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Spring '10 | Issue twelve

The World in a Glass of Milk

Lisa Harris | March 01, 2010 | Issues Archive

milk can

My first memory of drinking milk was walking through the lunch line in my grade-school cafeteria, picking up a red-and-white half pint carton of low-fat milk from an ice-filled service container, and placing it on my plastic tray. After sitting down at a table, everyone would pick up their wet carton and shake it vigorously to blend the frozen crystals with the unfrozen milk. It tasted cold and refreshing, like an unsweetened ice milk slushy, and was a perfect match for a sticky-sweet peanut butter and jelly sandwich and a bag of salty chips.

Set the Table with Switchel

Jesse Natha | March 01, 2010 | Community & History

Cart with hay

Long a staple in Northeast hayfields as a thirst quencher and restorative, switchel—alternatively called “haymaker’s punch” —was a colonial era proto-Gatorade, a source of both hydration and electrolyte replenishment. Recipes vary, but the most common ingredients were molasses, cider vinegar, and ginger, mixed to taste in a jug of very cold well water. While the concoction could have provided benefit to all manner of laborers and sporting folks, its use was particularly common among the workers of the hayfield and the children who carried the switchel jug to them.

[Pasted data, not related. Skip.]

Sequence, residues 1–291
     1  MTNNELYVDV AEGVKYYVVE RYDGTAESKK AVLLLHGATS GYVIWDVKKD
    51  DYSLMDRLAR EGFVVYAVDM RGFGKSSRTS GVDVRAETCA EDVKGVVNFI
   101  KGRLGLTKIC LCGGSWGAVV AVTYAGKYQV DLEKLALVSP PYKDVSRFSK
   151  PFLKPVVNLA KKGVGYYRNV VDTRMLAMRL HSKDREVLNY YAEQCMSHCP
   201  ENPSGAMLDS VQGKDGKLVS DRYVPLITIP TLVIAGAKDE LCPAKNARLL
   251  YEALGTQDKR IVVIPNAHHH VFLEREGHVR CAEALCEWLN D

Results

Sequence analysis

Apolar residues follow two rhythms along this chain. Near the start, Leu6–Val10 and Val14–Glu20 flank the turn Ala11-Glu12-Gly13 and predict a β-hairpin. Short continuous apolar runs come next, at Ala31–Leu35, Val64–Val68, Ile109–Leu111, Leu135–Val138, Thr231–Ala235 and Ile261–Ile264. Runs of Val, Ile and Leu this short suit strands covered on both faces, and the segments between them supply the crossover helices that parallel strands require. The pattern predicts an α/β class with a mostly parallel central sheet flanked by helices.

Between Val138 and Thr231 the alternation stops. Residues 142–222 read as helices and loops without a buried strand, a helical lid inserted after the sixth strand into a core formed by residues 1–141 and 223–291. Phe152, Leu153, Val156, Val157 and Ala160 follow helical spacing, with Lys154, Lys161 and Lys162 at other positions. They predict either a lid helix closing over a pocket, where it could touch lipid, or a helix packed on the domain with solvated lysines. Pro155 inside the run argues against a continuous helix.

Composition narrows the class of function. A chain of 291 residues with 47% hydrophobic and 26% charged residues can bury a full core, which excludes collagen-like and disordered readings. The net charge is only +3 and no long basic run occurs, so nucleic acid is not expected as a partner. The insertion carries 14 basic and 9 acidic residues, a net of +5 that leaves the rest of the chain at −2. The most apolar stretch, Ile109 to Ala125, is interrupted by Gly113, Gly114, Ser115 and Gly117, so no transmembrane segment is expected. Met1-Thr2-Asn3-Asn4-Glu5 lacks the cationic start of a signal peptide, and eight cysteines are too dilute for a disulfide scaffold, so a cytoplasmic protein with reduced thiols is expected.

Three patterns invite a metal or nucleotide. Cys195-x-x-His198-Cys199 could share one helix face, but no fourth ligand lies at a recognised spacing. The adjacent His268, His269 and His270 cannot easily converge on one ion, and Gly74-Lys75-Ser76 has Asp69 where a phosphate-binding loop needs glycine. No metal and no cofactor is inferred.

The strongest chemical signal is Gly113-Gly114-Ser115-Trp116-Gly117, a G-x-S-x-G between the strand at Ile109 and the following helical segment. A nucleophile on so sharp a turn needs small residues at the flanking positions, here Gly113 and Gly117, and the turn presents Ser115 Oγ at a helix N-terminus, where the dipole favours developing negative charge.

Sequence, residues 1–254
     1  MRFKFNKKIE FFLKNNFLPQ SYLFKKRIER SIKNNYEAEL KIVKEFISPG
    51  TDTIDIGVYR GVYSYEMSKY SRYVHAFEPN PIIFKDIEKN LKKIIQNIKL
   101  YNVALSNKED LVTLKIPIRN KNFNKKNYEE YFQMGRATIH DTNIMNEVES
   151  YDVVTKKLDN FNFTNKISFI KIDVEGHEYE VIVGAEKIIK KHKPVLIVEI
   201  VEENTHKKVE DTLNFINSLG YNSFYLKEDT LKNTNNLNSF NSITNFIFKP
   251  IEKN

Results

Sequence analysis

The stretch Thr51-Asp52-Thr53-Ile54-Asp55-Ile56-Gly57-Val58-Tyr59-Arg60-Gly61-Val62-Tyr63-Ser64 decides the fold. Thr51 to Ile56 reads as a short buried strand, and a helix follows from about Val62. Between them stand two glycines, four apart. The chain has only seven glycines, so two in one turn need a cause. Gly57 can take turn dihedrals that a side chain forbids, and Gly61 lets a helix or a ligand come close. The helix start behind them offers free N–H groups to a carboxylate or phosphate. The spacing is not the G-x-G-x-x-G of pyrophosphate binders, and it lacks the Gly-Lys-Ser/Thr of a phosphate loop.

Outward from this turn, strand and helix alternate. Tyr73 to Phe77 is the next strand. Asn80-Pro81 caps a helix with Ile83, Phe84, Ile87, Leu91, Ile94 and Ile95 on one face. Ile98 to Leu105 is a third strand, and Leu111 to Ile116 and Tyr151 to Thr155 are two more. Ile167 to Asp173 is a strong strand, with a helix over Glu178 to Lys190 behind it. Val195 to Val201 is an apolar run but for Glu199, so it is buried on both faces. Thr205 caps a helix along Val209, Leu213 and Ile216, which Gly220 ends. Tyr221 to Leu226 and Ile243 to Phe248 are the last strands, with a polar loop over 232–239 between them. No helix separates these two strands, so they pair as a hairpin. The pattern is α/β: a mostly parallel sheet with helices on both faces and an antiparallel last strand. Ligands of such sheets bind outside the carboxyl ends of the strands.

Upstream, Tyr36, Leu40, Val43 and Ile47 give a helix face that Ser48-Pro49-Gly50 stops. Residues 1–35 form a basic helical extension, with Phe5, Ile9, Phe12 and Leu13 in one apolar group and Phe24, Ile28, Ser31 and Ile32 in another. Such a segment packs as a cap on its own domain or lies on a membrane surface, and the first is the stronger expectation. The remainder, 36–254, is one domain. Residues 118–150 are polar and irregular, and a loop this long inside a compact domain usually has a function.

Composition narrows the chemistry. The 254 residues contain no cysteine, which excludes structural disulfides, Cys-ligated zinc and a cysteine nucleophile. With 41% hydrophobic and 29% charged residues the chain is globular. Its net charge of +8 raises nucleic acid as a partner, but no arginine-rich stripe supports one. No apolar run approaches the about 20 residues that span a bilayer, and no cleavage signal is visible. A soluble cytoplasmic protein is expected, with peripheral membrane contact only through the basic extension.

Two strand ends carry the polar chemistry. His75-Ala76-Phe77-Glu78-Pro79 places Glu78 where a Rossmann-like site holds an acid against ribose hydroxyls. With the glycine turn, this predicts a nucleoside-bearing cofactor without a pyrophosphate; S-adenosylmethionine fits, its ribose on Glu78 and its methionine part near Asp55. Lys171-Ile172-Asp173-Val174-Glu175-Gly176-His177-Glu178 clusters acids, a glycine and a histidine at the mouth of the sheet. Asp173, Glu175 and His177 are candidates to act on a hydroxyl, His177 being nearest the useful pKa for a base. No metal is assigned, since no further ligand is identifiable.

Gardening Like the Forest

Mark Krawczyk | March 01, 2010 | Garden Pathways

Garden illustration

Modern gardeners have grown accustomed to segregating different types of plants into different places—herbs in one bed, veggies in another, perennials and flowers somewhere else, while the orchard stands alone. But this isn’t the way things work in a forest. Nature functions in wholes, enabling cooperation between species to generate robust, resilient systems that optimize the use of available sun, water, nutrients, and space.

Publishers' Note Spring 2010

| March 01, 2010 | From the Editor

Draft horses

In May 2009, the Vermont Legislature took a bold step toward strengthening sustainable agriculture in the state. Our lawmakers passed a bill called The Farm to Plate Investment Program, which seeks to increase economic development in Vermont’s food and farm sector by creating food- and farm-related jobs, improving access to healthy local foods for Vermonters, and expanding local and regional markets for Vermont products. Since the bill’s passage, the Vermont Sustainable Jobs Fund has taken the lead in working with a variety of ag-related groups to develop the 10-year strategic plan mandated by the bill.

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What we do

Our stories, interviews, and essays reveal how Vermont residents are building their local food systems, how farmers are faring in a time of great opportunity and challenge, and how Vermont’s agricultural landscape ties into larger questions of sustainability and the future of our food supply.